“Numbers matter,” said Owens. “When we stick together, we are stronger.” For inspiration she pointed to another long strike, at Peabody Energy’s Shoal Creek mine, that recently concluded with an agreement ratified by miners. “The scabs have definitely prolonged the [Warrior Met] strike,” she said. “If they didn’t go in there to work in the mines, we would have been back at work a lot sooner.”




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The current impasse in negotiations, miners report, is over what happens when the strike ends. Warrior Met wants to bypass seniority rights and give preferential treatment to scabs and to the nonunion contractors it has hired to work alongside union miners since the bankruptcy.

Since this strike is over alleged unfair labor practices, not an economic strike, Warrior Met is barred from permanently replacing strikers. Whenever a settlement is reached, strikers should be owed their old spots within five days of the union’s submitting notice of an unconditional return to work. However, strikers said, Warrior Met wants to bypass seniority rights and give preference to scabs and contractors.

Seabolt said the company has also proposed to bar from returning to work any striker who engaged in what it calls “picket line misconduct.” “Basically, they went after all the union officials, strike captains, and people that’s been vocal on the picket line,” he said.

Seabolt thinks he’ll be able to hold out longer, with his handyman jobs, than investors will be able to stand decreased production at their plants while prices are booming for the metallurgical coal they produce, which is used to make steel.

“Eventually, this group of investors is going to say, ‘We got to increase our profits, and we got a corporate campaign against us,’” he said.


Taking aim at these investors, who are private equity firms, miners traveled to New York in June, July, and November. One of their targets was BlackRock, the world’s largest asset manager and Warrior Met’s largest shareholder. The latest visit came after a temporary restraining order issued October 27, and later extended through December, stopped all UMWA pickets within 300 yards of entrances or exits to the mine.

State troopers began escorting replacement workers into the mines in September. This state intervention on behalf of the company has rankled union members, who took their protests to Alabama’s capital, Montgomery, November 18. Rallies were also held at private equity firms with holdings in Warrior Met in New York City, Washington, D.C, Denver, Colorado, Boston, Massachusetts, Latrobe, Pennsylvania, Newport Beach, California, and Melbourne, Australia.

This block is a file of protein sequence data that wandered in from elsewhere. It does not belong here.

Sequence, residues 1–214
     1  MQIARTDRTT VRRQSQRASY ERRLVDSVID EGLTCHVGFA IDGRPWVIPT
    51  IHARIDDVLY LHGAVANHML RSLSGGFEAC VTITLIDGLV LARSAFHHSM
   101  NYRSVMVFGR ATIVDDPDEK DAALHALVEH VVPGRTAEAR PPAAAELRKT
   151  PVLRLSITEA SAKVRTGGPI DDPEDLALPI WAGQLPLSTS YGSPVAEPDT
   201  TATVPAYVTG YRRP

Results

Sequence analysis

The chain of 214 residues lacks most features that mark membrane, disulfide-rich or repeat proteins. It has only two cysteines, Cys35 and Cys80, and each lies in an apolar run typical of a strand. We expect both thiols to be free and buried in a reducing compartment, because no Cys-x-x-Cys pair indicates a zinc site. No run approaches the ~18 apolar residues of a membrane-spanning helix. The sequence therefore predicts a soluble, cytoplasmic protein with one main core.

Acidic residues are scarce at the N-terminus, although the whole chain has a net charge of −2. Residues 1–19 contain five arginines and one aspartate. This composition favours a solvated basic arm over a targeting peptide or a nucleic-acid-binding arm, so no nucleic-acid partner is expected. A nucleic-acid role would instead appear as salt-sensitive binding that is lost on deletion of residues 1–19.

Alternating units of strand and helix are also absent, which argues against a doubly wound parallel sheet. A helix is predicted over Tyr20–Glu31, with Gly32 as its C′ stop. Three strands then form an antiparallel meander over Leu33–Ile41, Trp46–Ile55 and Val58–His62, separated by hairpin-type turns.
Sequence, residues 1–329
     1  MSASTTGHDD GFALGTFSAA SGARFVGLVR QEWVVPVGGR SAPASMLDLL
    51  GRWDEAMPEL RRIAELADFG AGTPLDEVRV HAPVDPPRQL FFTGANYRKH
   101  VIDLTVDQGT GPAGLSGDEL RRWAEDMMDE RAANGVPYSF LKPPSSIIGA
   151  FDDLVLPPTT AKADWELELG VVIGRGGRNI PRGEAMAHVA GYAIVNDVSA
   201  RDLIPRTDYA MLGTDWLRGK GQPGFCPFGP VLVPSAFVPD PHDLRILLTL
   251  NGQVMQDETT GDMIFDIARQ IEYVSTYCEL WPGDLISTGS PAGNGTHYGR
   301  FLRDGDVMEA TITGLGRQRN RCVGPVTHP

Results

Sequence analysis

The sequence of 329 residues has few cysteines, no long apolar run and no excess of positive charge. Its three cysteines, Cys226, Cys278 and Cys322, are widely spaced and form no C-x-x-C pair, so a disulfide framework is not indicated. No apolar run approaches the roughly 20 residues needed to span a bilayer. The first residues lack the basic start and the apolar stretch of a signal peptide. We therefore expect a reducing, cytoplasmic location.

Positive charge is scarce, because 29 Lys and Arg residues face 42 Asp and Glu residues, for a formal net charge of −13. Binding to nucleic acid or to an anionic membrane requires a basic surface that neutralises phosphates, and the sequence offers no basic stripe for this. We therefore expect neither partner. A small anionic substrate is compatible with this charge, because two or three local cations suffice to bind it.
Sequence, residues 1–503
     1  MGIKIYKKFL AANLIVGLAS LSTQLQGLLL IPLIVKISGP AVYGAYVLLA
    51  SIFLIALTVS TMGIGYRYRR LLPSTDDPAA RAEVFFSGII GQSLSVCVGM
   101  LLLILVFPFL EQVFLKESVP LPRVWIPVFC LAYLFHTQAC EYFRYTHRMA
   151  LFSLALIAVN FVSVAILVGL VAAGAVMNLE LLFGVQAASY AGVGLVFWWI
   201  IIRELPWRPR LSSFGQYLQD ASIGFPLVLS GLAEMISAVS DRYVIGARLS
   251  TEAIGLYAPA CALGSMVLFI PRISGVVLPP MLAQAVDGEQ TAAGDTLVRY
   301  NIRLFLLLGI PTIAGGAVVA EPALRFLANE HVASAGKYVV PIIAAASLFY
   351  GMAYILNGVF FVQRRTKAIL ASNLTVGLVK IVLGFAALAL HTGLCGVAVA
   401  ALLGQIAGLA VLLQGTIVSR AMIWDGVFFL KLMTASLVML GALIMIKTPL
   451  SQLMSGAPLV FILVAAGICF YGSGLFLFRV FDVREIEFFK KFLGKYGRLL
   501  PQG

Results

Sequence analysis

A group of 15 senators has called on Warrior Met to settle the strike.


How could miners keep turning up the heat? “What it would take to win in the current environment would be the kind of global campaign that we saw in the ’90s,” said Kate Bronfenbrenner, director of labor education research at Cornell University’s School of Industrial and Labor Relations.

She pointed to the Pittston miners strike of 1989, which featured mass picketing and a plant occupation, and the Ravenswood Aluminum lockout of 1990, where Steelworkers delegations traveled around the globe to publicize the fight in countries where the company was trying to do business. But she noted that Covid may pose challenges to forging such international links today.

“In a strike like this, something much more than solidarity is needed,” said Lee Adler, also from the School of Industrial and Labor Relations and a union-side lawyer who represented miners for 40 years. “They need to have thousands of bodies supporting them from all over the country, and that does not seem to be in the cards right now.”

He contrasted that to the Pittston strike: “We had tens of thousands of U.S. steelworkers mobilized and ready to do anything, and we slugged it out. And we at least held our own. It’s not the same balance now.”

But Haeden Wright said the strikers have felt an outpouring of support from other unions and community groups. “At the end of the day we’re all workers, and workers have to stay together,” she said. “It’s been eye-opening to see where your support comes from.”

Luis Feliz Leon is a staff writer and organizer with Labor